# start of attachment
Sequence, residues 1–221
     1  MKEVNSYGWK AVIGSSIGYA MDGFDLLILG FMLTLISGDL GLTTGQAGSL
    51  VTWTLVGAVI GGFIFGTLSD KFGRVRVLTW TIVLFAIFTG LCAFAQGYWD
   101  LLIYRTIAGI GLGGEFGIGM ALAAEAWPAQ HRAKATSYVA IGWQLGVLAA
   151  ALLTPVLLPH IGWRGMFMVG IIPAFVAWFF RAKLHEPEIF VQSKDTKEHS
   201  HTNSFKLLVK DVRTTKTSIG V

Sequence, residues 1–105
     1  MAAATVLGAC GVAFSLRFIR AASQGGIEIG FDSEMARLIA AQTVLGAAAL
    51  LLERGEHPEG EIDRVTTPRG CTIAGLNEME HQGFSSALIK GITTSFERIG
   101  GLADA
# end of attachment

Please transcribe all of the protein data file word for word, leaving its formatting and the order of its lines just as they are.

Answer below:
Sequence, residues 1–221
     1  MKEVNSYGWK AVIGSSIGYA MDGFDLLILG FMLTLISGDL GLTTGQAGSL
    51  VTWTLVGAVI GGFIFGTLSD KFGRVRVLTW TIVLFAIFTG LCAFAQGYWD
   101  LLIYRTIAGI GLGGEFGIGM ALAAEAWPAQ HRAKATSYVA IGWQLGVLAA
   151  ALLTPVLLPH IGWRGMFMVG IIPAFVAWFF RAKLHEPEIF VQSKDTKEHS
   201  HTNSFKLLVK DVRTTKTSIG V

Sequence, residues 1–105
     1  MAAATVLGAC GVAFSLRFIR AASQGGIEIG FDSEMARLIA AQTVLGAAAL
    51  LLERGEHPEG EIDRVTTPRG CTIAGLNEME HQGFSSALIK GITTSFERIG
   101  GLADA